"Even as someone who is white this must concern me," Poirier told French sports daily L'Equipe on Tuesday.
GB can thrive with 'target on their backs' at Paralympics, says Love
"It touches me since I have black team mates, black friends, my wife is of mixed race.
"I can walk the streets freely and I want it to be the case for everyone. It bothers me that it's not the case," the Frenchman added.
- Floyd Mayweather offers to pay for George Floyd's funeral
- Naomi Osaka adds voice to US protests: 'Silence is betrayal'
Video footage showed a white Minneapolis police officer kneeling on the neck of Floyd, 46, for nearly nine minutes before he died on May 25, triggering outrage and protests across the United States.
Poirier added that there had been similar issues in France, highlighting the case of 24-year-old black man Adama Traore, who died in 2016 while being driven to a police station following his arrest over an altercation. The circumstances of Traore's death are still under investigation by justice authorities.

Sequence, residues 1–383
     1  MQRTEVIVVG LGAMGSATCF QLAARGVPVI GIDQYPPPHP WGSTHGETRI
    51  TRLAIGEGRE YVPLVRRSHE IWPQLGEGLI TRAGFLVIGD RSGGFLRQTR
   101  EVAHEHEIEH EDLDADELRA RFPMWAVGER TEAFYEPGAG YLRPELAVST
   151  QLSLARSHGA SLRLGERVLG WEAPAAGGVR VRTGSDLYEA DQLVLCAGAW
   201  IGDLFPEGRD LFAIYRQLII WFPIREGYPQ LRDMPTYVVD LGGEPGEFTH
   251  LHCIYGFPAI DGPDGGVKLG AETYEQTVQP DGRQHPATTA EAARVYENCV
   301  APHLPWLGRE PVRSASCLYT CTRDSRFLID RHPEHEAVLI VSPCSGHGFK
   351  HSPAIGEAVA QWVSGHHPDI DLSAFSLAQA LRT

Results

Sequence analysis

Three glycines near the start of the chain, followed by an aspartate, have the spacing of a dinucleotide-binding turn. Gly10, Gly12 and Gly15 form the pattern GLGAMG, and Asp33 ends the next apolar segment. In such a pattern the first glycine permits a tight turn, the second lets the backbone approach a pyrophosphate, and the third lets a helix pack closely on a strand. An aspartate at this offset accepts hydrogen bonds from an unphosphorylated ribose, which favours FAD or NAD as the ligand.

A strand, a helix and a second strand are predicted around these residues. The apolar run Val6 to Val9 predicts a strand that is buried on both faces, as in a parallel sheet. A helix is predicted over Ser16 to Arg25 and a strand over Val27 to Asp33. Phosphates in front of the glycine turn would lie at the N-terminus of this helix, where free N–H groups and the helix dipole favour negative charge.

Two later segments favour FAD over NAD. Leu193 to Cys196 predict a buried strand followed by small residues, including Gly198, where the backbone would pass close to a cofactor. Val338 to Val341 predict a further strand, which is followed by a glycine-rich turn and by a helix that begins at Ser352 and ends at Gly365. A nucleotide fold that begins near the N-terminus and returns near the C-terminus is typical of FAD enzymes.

Poirier, who signed for the Celtics in 2019, said he wanted to use his standing in the sports world to bring attention to such issues.
"At the time of Adama Traore, I did not have this recognition but now that I have it, I try to use it. The fact that I play for Celtics has an extra impact," he said.
Rackets Down, Hands Up - Tennis stars join Frances Tiafoe in protest video
British basketballer Jump making NCAA history
British basketballer Hannah Jump on making NCAA history and missing Mini Cheddars